Study: Some are born with math ability

September 1, 2011 at 4:09 pm 5 comments

The below links to the UPI story on this study, and the NYTimes just covered it, too.  The implications for STEM education are pretty interesting.  If you aren’t born with math skills, can they be developed?  Without that developmental effort, how well will the students without good number sense do in STEM fields? What other kinds of skills are critical for STEM learning, how do we identify them, test for them, and create developmental remediation if they are missing?

People can be born with good math skills, just as some are born with a talent for music, art or athletics, a U.S. study suggests.

Research conducted by Johns Hopkins University psychologists indicates math ability in preschool children is strongly linked to their inborn and primitive “number sense,” called an “Approximate Number System” — ANS.

via Study: Some are born with math ability – UPI.com.

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5 Comments Add your own

  • 1. Mike Byrne  |  September 1, 2011 at 4:32 pm

    The headline on the UPI piece is totally misleading. Just because you observe a correlation (of a size not reported in either piece, and unfortunately my university doesn’t get the original journal) in 3-5 year olds it does NOT mean that it’s innate. There is evidence, for instance, that infant birthweight is correlated with adult IQ, and socioeconomic factors account for as much variance in infant birthweight as genetic ones. As far as I can tell, NOTHING in the cited research says anything whatsoever about genetics or what anyone is “born with.” As far as I can tell the use of “inborn and primitive” in the UPI piece is not justified by the research. (The researchers may be making that link, but I don’t think this study supports it.)

    Second, I strongly suspect these correlations are weak. IIRC, the correlations between these kind of ANS measures and math performance in older kids aren’t that strong (nonzero, to be sure, but not overwhelming), and my guess based on the sample size of 200 is that the correlations here aren’t really all that large, either.

    Thus, I find it HIGHLY unlikely that it’s a good idea for STEM educators to worry about people who “aren’t born with math skills.” I’m pretty sure 3-year-olds with low scores on these ANS measures can still develop math skills. There is a HUGE gap between “correlation” and “can’t learn.”

    Reply
  • 2. Jason Buell  |  September 1, 2011 at 5:50 pm

    What Mike said….

    They took “before formal schooling” to mean “innate.” Seriously? I spend serious time just playing around with numbers with my kids. We count stuff, sort, look at patterns, etc. Some parents do more and some do less. For balance, here’s one on gender and spatial reasoning:

    http://www.wired.com/wiredscience/2011/08/women-math-science-culture/

    Reply
  • 3. John "Z-Bo" Zabroski  |  September 1, 2011 at 5:53 pm

    So is math about being “good with numbers”?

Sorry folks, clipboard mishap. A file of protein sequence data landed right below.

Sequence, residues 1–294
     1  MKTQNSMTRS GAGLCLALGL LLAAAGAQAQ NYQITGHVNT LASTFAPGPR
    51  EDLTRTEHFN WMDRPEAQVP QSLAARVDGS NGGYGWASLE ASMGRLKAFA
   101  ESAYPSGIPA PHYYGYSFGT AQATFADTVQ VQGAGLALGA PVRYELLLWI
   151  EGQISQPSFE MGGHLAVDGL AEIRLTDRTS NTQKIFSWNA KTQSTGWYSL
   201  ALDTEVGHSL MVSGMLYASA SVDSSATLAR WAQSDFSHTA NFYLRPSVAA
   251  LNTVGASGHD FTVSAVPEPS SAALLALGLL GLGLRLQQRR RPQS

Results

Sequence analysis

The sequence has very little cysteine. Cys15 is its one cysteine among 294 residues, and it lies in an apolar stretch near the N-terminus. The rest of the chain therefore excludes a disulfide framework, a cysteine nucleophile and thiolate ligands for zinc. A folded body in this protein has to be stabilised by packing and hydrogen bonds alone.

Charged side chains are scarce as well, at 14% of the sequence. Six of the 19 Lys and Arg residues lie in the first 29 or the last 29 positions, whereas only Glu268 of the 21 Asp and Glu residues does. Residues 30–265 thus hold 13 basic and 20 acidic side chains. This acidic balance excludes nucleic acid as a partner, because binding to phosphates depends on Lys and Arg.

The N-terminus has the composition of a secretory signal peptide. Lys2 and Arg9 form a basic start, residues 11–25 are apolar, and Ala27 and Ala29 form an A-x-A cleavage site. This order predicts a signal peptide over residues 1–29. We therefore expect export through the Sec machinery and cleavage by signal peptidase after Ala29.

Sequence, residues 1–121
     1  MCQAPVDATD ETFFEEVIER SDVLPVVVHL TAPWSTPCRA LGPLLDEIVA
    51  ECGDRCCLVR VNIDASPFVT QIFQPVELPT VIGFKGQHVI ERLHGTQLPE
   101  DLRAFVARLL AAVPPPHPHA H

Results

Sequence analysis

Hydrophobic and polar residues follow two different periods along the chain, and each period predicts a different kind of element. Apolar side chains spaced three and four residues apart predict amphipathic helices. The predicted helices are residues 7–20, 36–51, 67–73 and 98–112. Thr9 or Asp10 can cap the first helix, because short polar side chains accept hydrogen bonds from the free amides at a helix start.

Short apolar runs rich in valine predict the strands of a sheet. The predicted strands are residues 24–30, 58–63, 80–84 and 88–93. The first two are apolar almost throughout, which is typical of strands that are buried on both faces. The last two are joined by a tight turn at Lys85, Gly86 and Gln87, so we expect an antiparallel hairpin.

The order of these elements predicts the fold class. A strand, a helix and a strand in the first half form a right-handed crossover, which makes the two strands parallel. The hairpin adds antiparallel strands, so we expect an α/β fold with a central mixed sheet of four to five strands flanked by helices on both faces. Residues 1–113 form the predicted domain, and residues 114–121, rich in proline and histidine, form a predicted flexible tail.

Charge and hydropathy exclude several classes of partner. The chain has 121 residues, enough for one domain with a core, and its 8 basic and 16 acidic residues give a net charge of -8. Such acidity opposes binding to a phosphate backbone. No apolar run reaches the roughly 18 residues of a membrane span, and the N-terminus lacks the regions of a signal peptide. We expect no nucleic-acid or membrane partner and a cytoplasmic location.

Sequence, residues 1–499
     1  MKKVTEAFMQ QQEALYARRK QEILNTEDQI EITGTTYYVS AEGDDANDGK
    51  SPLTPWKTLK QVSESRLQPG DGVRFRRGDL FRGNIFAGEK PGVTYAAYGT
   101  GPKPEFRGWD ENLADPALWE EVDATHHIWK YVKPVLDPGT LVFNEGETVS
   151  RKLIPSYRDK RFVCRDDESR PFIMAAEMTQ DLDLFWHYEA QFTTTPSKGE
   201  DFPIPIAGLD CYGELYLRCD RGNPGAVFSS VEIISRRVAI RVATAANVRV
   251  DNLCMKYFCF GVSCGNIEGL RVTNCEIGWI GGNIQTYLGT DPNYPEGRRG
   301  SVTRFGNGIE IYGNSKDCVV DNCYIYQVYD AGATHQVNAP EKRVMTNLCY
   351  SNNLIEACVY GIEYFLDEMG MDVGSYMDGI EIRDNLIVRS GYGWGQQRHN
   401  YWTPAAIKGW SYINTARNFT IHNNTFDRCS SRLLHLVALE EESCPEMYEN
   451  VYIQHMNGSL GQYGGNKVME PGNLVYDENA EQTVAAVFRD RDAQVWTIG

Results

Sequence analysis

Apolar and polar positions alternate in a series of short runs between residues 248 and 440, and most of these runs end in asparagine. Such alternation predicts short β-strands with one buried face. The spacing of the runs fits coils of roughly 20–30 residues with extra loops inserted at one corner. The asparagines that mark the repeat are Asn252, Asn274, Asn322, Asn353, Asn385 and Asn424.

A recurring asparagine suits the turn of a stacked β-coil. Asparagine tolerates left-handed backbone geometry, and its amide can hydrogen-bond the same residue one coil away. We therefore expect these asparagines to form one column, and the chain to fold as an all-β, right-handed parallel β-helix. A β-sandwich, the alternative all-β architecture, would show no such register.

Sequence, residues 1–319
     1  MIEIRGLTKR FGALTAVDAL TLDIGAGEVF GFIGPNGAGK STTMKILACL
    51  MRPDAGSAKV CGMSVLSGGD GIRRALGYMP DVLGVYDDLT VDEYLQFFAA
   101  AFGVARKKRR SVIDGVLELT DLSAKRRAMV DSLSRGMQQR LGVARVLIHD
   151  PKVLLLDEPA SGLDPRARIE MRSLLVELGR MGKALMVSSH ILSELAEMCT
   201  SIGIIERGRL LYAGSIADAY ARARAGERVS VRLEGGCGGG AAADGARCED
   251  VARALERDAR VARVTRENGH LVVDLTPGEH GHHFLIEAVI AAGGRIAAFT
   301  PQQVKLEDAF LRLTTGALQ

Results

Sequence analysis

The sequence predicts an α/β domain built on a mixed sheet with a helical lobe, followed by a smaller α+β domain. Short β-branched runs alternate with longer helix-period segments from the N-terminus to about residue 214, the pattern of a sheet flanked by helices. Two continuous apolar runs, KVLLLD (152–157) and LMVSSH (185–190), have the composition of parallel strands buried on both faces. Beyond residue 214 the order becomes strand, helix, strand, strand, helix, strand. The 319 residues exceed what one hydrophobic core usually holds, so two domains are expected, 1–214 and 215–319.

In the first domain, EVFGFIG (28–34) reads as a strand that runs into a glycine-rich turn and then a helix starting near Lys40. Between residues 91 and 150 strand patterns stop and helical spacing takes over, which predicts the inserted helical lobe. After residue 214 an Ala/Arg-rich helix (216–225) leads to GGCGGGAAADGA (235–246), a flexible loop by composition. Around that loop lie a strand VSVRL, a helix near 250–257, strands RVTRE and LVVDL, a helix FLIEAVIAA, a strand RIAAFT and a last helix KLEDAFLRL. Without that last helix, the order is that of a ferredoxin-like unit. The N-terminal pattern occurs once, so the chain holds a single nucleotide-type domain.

Reply
  • 4. Dan M  |  September 1, 2011 at 9:19 pm

    It makes you wonder if the fastest running 3-5 year olds are also the highest jumping 3-5 year olds. It would be interesting to know if a link exists between running and jumping before children have any formal training in these activities, as that would certainly be evidence of an innate athletic ability that some kids are born with and some are not. There would be important implications for teaching students to maintain a level of fitness throughout their lives. We will probably want to steer the unathletic students toward sedentary jobs where their other abilities can shine and not push them to exercise since they wont be any good at it.

    Reply
  • 5. Alan Kay  |  September 3, 2011 at 11:25 am

    These matters are highly charged in our society, and many positions are taken more on what is desired rather than what might be the case.

    The bottom lines with Biology are “innate” and “variation”. Many studies have been made on what different animals (including us) “know” (and “know how to do”) at birth. There are hundreds of them. There is also (a) not enough genetic material, and (b) too much noise to not have variation in genetics and somatics for each individual.

    However, the real issue for any person (and for educators trying to help them) is “what results are possible through a combination of “propensity”, “will”, “environment” and trained “skills”.

    Many things that we hope people will learn are both inventions, and also highly developed.

    So e.g. there really is such a thing as musical talent, but for classical music at least, those born with “high propensity” still have to put in a lot of practice. Those of us with less propensity (like me) have to do more practice — for example my fine muscle memory is just not as good as some of my friends — but we are not shut out from getting quite fluent, because we can substitute “will and work” to a considerable extent.

    In other words, classical music (and many other inventions — like mathematics) transcend the merely biological for deep fluency. But there is a lot of evidence that the levels beyond deep fluency are likely influenced more by the biological than by just will and work and environment.

    Cheers,

    Alan

    Reply

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